At Leading Families Home, 14 percent of our Participants cite Domestic Violence as the main reason for their homelessness. Domestic Violence is “violence committed by intimate partners, immediate family members, or other relatives.” According to data from the National Crime Victimization Survey (NCVS), in 2003–12, “[d]omestic violence accounted for 21% of all violent crime.”

The National Domestic Violence Hotline organization reveals that “[m]ost female victims of intimate partner violence were previously victimized by the same offender, including 77% of females ages 18 to 24, 76% of females ages 25 to 34, and 81% of females ages 35 to 49.”

These numbers are devastating, but seeing someone in a domestic violence situation is much, much worse. We see many women and children who flee these types of circumstances come to Beach House Family Shelter, and each story is heartbreaking.

However, simply escaping a domestic violence situation is a victory. And many survivors of domestic or intimate partner violence are amazingly strong. Their stories of strength and resilience can be breathtaking.

Such is the case for a woman who recently came to our shelter. For her safety, we won’t be using any identifying information and will refer to her as “Tela” as we tell her story.

Trauma & Injury

Tela fled a domestic violence situation in 2019, and found shelter at YWCA Domestic Violence Shelter. She transferred to Leading Families Home in September 2019.

About six or seven years ago, Tela was part of our FOCUS program (FOCUS merged with Beach House Family Shelter in 2016) where she received support, services, and shelter.

(FOCUS was founded in 1982, based on the tradition of faith and service by several pastors with congregations in the Old West End neighborhood of Toledo, Ohio, in response to growing community needs for services such as longer-term supportive housing, food, and social support. Helping people regain independence and economic stability through education and employment has been the core work of both organizations, making our merger a natural evolution of housing and social supportive services in the area. In 2016, FOCUS merged with Beach House Family Shelter to more fully support those experiencing homelessness in the Toledo area.[])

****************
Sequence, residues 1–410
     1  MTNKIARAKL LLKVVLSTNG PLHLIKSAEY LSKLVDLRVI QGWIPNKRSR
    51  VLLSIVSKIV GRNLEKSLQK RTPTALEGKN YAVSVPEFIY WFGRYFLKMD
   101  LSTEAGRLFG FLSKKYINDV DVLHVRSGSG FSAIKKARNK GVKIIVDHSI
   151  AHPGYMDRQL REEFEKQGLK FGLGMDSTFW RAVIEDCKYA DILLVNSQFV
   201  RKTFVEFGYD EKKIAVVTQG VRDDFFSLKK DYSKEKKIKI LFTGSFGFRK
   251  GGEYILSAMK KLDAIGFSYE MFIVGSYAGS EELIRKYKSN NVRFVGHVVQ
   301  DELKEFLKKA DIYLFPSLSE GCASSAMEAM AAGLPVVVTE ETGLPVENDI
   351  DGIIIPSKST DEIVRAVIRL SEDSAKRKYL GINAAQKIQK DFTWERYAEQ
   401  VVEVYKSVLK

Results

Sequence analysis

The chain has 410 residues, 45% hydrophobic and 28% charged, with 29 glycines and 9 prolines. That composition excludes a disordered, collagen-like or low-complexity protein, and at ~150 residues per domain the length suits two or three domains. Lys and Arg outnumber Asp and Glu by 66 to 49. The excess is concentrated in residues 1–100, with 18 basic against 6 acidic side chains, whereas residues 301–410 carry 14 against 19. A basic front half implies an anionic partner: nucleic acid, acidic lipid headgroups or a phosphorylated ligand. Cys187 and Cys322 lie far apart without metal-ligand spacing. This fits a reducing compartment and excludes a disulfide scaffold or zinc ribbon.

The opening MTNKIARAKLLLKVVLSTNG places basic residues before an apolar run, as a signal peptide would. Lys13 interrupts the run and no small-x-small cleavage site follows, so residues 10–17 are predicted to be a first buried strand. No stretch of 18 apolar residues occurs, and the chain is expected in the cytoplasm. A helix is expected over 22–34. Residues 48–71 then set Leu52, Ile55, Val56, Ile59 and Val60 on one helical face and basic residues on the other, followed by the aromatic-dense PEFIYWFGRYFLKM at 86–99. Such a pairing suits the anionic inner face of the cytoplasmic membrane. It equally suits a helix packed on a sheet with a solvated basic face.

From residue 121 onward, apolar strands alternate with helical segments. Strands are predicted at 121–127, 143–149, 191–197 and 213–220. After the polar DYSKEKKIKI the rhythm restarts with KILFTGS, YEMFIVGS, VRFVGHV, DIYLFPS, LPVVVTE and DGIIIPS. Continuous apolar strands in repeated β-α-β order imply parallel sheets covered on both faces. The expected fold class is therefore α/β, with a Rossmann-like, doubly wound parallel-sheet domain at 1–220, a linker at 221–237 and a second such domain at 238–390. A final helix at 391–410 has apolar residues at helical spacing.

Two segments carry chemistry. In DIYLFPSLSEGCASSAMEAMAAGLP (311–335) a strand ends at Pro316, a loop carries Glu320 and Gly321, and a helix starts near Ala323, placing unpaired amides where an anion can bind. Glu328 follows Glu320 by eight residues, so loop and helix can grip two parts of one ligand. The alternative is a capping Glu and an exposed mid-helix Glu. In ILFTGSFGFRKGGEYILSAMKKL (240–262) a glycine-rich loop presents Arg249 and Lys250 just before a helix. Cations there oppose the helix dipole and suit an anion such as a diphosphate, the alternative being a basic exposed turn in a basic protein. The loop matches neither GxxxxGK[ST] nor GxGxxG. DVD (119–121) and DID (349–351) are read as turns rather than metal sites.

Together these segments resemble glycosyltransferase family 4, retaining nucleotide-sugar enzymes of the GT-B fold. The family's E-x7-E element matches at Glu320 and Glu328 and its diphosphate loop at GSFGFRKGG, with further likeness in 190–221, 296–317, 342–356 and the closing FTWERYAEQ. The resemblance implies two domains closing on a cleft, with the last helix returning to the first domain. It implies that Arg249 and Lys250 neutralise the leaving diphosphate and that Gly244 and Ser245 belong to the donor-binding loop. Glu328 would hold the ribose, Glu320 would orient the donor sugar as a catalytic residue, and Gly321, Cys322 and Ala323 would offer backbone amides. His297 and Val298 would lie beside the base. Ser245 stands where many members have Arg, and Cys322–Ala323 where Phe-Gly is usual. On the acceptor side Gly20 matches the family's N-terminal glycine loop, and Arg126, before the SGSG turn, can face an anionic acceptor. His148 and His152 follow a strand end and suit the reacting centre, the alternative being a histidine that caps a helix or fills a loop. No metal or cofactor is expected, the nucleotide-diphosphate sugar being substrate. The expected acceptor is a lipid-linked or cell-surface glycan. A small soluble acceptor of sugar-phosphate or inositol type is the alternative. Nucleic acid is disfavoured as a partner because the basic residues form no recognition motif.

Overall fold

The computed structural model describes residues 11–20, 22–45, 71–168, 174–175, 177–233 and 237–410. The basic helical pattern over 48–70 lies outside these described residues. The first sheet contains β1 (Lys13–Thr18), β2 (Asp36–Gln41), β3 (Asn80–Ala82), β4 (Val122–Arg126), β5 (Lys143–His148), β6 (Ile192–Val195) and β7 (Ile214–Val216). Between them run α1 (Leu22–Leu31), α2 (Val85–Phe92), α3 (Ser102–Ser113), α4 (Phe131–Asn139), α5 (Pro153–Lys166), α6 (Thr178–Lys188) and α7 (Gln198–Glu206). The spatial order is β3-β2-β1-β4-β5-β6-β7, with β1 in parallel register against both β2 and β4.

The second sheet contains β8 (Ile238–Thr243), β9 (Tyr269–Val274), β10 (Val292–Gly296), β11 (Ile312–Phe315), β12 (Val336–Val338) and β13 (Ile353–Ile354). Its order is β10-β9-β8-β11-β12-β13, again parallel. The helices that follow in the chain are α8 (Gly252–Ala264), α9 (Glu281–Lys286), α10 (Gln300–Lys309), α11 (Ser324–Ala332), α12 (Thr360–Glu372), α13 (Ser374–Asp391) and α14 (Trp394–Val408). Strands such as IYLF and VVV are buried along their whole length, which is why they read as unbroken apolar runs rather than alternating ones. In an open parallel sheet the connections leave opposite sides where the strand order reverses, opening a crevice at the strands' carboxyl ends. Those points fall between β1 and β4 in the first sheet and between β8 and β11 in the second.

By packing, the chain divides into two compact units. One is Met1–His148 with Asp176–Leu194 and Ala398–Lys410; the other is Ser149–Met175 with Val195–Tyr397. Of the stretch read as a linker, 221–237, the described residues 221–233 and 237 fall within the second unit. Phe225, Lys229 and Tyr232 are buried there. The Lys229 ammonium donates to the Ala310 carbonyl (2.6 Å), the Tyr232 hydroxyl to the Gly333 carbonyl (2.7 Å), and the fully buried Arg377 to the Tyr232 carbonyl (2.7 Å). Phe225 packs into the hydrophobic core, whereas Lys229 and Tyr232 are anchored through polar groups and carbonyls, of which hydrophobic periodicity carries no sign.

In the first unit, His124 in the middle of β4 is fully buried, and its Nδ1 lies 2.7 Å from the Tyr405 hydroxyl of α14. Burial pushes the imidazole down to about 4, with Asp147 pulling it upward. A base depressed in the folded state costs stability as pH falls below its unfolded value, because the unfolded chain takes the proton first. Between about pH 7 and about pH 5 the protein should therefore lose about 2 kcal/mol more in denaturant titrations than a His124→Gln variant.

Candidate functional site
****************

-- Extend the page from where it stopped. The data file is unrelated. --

During her stay at FOCUS, Tela suffered a horrific accident that would change her life forever. At the hands of her boyfriend, Tela was thrown into oncoming traffic and was hit by a car.

This accident left her completely broken and fighting for her life. She went into a coma and didn’t come out of it for nine months. Because of this, she lost custody of both of her children. Her children were given to Tela’s father, because no one thought Tela would ever emerge from her coma and was likely to die.

Once Tela awoke from her coma, she was diagnosed with a Traumatic Brain Injury (TBI), a result of the violent impact from her accident. She was confined to a wheelchair, unable to walk or move her hands. To this day, Tela suffers multiple symptoms and physical limitations from her injuries.

However, Tela is a fighter. Her case manager says, “I’ve noticed that she is a person that has a drive about her, and she doesn’t let anything stop her from moving forward.”

Moving Forward

Tela awoke from her coma to serious, life-long injuries and trauma. Yet, her story didn’t end with her accident; she moved forward. She found Harbor Behavioral Health Services and receives mental health services from this organization.